Why Winning Athletes Are Getting Bigger
While watching swimmers line up during the 2008 Olympic Games in Beijing, former Olympic swimmer and NBC Sports commentator Rowdy Gaines quipped that swimmers keep getting bigger, with the shortest one in the current race towering over the average spectator.
What may have been seen as an off-hand remark turns out to illustrate a trend in human development -- elite athletes are getting bigger and bigger.
What Gaines did not know was that a new theory by Duke University engineers has indeed showed that not only have Olympic swimmers and sprinters gotten bigger and faster over the past 100 years, but they have grown at a much faster rate than the normal population.
Futhermore, the researchers said, this pattern of growth can be predicted by the constructal theory, a Duke-inspired theory of design in nature that explains such diverse phenomena as river basin formation and the capillary structure of tree branches and roots.
In a new analysis, Jordan Charles, an engineering student who graduated this spring, collected the heights and weights of the fastest swimmers (100 meters) and sprinters (100 meters) for world record winners since 1900. He then correlated the size growth of these athletes with their winning times.
"The trends revealed by our analysis suggest that speed records will continue to be dominated by heavier and taller athletes," said Charles, who worked with senior author Adrian Bejan, engineering professor who came up with the constructal theory 13 years ago. The results of their analysis were published online in the Journal of Experimental Biology. "We believe that this is due to the constructal rules of animal locomotion and not the contemporary increase in the average size of humans."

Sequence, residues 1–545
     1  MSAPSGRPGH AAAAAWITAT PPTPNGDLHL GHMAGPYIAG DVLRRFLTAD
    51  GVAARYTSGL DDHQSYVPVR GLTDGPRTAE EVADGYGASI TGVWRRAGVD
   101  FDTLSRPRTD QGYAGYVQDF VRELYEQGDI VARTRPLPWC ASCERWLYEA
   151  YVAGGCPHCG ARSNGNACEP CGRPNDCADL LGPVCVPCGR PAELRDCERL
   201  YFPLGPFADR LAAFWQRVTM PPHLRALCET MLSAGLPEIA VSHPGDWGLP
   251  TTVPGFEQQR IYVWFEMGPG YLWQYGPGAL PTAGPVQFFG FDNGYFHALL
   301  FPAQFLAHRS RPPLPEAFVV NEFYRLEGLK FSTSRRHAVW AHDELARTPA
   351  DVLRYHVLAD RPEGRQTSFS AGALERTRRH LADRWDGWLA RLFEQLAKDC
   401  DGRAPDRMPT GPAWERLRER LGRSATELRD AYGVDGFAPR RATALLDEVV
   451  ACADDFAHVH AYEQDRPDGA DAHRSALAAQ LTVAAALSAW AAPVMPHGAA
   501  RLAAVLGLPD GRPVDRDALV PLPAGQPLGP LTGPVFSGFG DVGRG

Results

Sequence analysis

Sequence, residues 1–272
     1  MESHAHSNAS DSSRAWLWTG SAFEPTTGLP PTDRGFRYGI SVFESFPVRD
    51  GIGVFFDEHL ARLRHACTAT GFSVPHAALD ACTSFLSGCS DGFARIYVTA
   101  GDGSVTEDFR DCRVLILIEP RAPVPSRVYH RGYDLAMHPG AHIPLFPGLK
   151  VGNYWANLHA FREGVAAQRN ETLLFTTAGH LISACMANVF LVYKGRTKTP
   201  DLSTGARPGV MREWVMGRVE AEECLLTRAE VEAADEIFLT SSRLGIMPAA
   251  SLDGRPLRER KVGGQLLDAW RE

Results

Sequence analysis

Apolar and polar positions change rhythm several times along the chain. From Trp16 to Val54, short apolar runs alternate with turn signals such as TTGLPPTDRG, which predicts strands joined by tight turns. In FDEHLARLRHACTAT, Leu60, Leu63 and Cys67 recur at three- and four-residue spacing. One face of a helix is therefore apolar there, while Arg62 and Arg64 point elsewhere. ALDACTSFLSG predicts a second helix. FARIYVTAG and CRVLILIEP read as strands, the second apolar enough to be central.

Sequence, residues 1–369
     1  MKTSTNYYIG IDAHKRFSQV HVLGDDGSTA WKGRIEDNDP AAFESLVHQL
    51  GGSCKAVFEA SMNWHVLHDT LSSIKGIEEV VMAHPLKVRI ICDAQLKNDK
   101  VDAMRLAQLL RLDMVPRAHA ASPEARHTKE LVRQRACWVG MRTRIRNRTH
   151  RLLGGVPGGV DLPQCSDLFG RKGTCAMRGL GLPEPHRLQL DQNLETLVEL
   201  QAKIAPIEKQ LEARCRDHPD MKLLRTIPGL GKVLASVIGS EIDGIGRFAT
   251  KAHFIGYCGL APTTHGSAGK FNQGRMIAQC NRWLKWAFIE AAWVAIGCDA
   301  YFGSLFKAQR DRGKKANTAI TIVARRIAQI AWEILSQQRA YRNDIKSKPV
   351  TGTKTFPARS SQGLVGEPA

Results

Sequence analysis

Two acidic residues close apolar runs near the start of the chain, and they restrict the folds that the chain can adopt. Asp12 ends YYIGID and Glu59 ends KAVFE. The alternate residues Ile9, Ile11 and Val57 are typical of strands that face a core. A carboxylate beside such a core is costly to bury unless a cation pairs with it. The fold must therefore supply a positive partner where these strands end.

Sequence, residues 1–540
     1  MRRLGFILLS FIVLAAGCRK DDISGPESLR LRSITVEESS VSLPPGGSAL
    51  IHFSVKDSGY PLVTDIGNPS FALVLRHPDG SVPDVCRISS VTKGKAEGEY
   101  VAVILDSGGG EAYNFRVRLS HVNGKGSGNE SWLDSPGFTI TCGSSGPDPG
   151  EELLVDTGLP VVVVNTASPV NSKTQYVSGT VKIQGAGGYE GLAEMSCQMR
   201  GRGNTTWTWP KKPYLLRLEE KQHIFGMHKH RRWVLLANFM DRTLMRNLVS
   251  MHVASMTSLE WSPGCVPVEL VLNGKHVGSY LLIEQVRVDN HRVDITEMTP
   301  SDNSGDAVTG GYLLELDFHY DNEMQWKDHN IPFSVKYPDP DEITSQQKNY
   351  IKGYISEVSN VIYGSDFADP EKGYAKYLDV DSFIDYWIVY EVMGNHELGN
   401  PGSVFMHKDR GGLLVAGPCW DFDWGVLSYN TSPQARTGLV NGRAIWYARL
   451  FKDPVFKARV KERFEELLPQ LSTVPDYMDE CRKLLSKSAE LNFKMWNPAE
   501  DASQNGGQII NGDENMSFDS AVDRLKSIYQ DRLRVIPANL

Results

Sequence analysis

Specifically, while the average human has gained about 1.9 inches in height since 1900, Charles' research showed that the fastest swimmers have grown 4.5 inches and the swiftest runners have grown 6.4 inches.
The theoretical rules of animal locomotion generally state that larger animals should move faster than smaller animals. In his contructal theory, Bejan linked all three forms of animal locomotion -- running, swimming and flying. Bejan argues that the three forms of locomotion involve two basic forces: lifting weight vertically and overcoming drag horizontally. Therefore, they can be described by the same mathematical formulas. (http://www.pratt.duke.edu/news/?id=1692)
Using these insights, the researchers can predict running speeds during the Greek or Roman empires, for example. In those days, obviously, time was not kept.
"In antiquity, body weights were roughly 70 percent less than they are today," Charles said. "Using our theory, a 100-meter dash that is won in 13 seconds would have taken about 14 seconds back then."
Charles, a varsity breaststroke swimmer during his time at Duke, said this new way of looking at locomotion and size validates a particular practice in swim training, though for a different reason. Swimmers are urged by their coaches to raise their body as far as they can out of the water with each stroke as a means of increasing their speed.
"It was thought that the swimmer would experience less friction drag in the air than in the water," Charles said. "However, when the body is higher above the water, it falls faster and more forward when it hits the water. The larger wave that occurs is faster and propels the body forward. A larger swimmer would get a heightened effect. Right advice, wrong reason."
In an almost whimsical corollary, the authors suggest that if athletes of all sizes are to compete in these kinds of events, weight classes might be needed.
"In the future, the fastest athletes can be predicted to be heavier and taller," Bejan said. "If the winners' podium is to include athletes of all sizes, then speed competitions might have to be divided into weight categories. Larger athletes lift, push and punch harder than smaller athletes, and this led to the establishment of weight classes in certain sports, like boxing, wrestling or weight-lifting.